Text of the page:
When I first started hearing about this new country-fied production of Oklahoma!, my little pea brain flashed to Sinatra’s late-life gag introduction of a song by Rodgers and Hart as “Roy Rogers and William S. Hart,” citing two famous movie cowboys rather than the legendary Broadway composers. I was only able to get tickets very late in the run – which is a lot better than nothing – and wanted to see if what I had been hearing about the production was true, that it rewrites Oklahoma! as if it had been composed by Roy Acuff and Merle Haggard rather than Richard Rodgers and Oscar Hammerstein II. Now I can tell you that it does and it doesn’t – while the overall tone of the show is certainly more country-and-western than traditional Broadway, director Daniel Fish and musical director Nathan Koci still keep the essential bones of the show and the songs. For instance, the opener “Oh, What a Beautiful Mornin’” is still a waltz, in fact, it’s waltz-ier than ever.
The idea of a country-and-western Oklahoma! goes back at least to 1970, when TV host Ed Sullivan presented the opening scene with Jeanie C. Riley (of “Harper Valley PTA” fame) as “Laurey” and the legendary Minnie Pearl as “Aunt Eller” on his long-running variety show. If Mr. Fish were to really rewrite the show, he might think to provide Aunt Eller (the excellent Mary Testa) with a solo song of her own, seeing as she’s the first of those matronly pillars of wisdom that re-appear across the entire history of R&H shows, as in Carousel, South Pacific (sort of), The King & I, Cinderella, and especially The Sound of Music; there’s always a sagacious middle aged woman telling young lovers (individually or in pairs) to climb ev’ry mountain. (I also regret that “Gertie Cummings” doesn’t get a song, especially since Mallory Portnoy steals almost every scene with a clarion-like laugh that’s more sexy than obnoxious, as it’s supposed to be.)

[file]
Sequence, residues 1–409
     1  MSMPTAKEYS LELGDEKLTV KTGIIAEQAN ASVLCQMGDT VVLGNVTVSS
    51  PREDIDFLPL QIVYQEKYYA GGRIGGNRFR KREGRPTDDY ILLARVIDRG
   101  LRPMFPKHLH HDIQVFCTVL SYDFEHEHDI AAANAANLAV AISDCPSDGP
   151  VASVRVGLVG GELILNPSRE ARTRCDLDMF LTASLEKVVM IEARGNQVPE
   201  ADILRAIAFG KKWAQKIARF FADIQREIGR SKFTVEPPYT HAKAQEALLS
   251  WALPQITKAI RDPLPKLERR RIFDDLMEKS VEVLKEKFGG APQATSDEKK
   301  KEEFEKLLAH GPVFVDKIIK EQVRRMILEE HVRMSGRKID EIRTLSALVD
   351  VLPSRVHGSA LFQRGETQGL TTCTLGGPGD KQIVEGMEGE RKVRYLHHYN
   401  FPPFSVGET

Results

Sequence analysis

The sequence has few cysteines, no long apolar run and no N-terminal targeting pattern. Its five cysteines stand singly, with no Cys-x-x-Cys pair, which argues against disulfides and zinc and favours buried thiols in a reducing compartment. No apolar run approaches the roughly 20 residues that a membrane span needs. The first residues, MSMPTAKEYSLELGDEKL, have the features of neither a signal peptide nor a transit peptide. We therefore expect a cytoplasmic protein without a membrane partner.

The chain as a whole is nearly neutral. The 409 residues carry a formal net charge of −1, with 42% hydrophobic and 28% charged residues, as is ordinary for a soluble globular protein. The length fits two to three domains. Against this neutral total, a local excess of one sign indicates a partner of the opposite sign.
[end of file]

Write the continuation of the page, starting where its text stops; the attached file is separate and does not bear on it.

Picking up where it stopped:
Mssr’s. Fish and Koci take considerable liberties with the “Dream Ballet,” in which the theme (known lyrically as “Out of My Dreams”) rendered via a solo electric guitar, heavy on the distortions, clearly modelled on Jimi Hendrix playing the national anthem at Woodstock – however, yes, it’s still in 3/4. The most egregious mistake is that they stick the intermission right in the middle of the dream ballet, as if they didn’t trust the audience’s attention span, or their bladders. In this re-imagining, “Jud Fry” (Patrick Vail) is a full-on psychopath. In “Poor Jud is Daid,” “Curly” (Damon Daunno) seems to be seducing Jud, rather than bunko-ing him as is customary, into committing suicide, and here, Jud’s solo, “Lonely Room” becomes his chilling equivalent of Sweeney Todd’s “Epiphany.”
This version has been described as “darker,” but for most of the stage time, it’s funnier than ever, especially with “Will Parker” played by James Davis as a deadpan comic cowboy who wouldn’t be out of place in a Broadway version of Blazing Saddles. At times it seems like a parody, Oklahoma! as if enacted by the cast of Hee-Haw (with Junior Samples as Will and Gunilla Hutton as Ado Annie), but is all the more enjoyable for that. Which makes the abrupt ending – no spoiler alert here – seem more out-of-place than ever. This is the only part where they fundamentally change the show as conceived by Dick & Ockie (even without actually changing the dialogue), and it’s completely unnecessary; it seems to me that they could have done the actual ending (Curly and Jud in a knife fight, and the drunken heavy winds up falling on his own shiv) and made it disturbing enough. But that’s one of the more important aspects of a classic: you aren’t allowed to take any aspect of it for granted.
A final note about the first thing you see when you enter the Circle in the Square, which is that the walls of this theater-in-the-almost-round are festooned with dozens of decorative rifles and shootin’ irons. Perhaps next, the NRA will commission Mr. Fish to devise a second amendment re-do of Annie Get Your Gun; apparently this is the first-ever right-to-carry production of Rodgers & Hammerstein.
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